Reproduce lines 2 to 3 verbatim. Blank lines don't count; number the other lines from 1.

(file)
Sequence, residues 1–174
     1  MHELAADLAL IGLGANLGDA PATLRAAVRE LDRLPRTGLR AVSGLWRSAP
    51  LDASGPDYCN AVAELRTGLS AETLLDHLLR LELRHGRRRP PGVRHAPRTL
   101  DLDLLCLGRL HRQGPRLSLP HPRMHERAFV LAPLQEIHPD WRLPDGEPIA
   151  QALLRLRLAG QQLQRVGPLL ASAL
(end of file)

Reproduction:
     1  MHELAADLAL IGLGANLGDA PATLRAAVRE LDRLPRTGLR AVSGLWRSAP
    51  LDASGPDYCN AVAELRTGLS AETLLDHLLR LELRHGRRRP PGVRHAPRTL